Annexation is the antithesis of “one law” and “not by might and not by power”

In the Torah portion being read in Israel (Beha’aloteckha. Abroad Naso is being read. I addressed Shavuot and Naso in my dvar Torah last week), we are famously taught, “There shall be one law for you, whether for ger (the non-Jew living among you), or a citizen of the Land.” (Numbers 9:14). The requirement that there be “one law” is stated here in the context of the person living among us who wants to offer a Passover sacrifice. Many commentators such as Rashi assume that the ger is a convert to Judaism. Wouldn’t it be obvious that, as a Jew, he must offer it according to the same laws as any other Jew. This actually indicates that the Torah was referring to a non-Jew. Today, this verse sums up the broader ethos that there must not be double standards, or different laws for different groups of people.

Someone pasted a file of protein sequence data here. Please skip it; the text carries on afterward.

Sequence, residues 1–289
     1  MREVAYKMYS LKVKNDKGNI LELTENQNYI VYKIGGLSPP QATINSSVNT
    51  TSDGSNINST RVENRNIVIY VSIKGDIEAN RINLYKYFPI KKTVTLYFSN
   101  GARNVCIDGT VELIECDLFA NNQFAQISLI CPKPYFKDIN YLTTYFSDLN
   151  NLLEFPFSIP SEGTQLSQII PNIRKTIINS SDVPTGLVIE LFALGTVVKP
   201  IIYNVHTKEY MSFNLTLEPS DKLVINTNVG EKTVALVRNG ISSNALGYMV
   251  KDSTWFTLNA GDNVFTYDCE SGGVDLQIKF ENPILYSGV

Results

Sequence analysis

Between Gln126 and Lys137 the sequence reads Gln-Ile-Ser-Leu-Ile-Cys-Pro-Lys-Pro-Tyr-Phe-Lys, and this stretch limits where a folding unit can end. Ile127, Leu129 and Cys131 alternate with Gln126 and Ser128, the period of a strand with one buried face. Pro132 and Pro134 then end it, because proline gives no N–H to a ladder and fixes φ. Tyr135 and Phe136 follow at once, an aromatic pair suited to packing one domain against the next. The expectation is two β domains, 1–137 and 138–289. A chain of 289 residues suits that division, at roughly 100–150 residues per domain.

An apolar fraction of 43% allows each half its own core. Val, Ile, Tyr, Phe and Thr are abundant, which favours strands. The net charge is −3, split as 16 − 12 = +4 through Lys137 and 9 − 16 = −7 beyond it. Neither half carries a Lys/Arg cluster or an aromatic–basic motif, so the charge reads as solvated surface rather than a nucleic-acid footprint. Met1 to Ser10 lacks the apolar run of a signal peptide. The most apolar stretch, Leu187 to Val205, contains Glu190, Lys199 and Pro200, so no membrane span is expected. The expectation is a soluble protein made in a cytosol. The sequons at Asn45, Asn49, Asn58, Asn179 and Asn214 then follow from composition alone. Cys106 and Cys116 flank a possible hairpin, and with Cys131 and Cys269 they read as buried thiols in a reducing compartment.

In our haftarah, we have the sentence equally well known verse, most associated with Khanukah – “Not by might and not by power, but by My Spirit says Adonai of hosts.” (Zekhariah 4:6)

On the eve of the major demonstration against annexation to take place tomorrow night in Rabin square in Tel Aviv (despite police efforts to prevent it) these two verses sum up very well what the Occupation is not.

There is no equality under the Occupation.  Palestinians are subject to laws undemocratically imposed upon them.  If one argues, “Of course they can’t vote. They are an enemy population,” that is what international law regarding occupation comes to address.  The playing field is to be evened a bit through restrictions of the autonomous sovereignty of the occupying power. However, Israel neither grants democratic rights to Palestinians, nor honors the protections they are afforded by international law. The Sumarin family, whose struggle against Keren Kayemet-Jewish National Fund attempts to evict them I have written about extensively in recent weeks are in their predicament because of the Israeli Absentee Property Law imposed upon them, and then implemented in a way that even the Israeli government eventually admitted was wrong.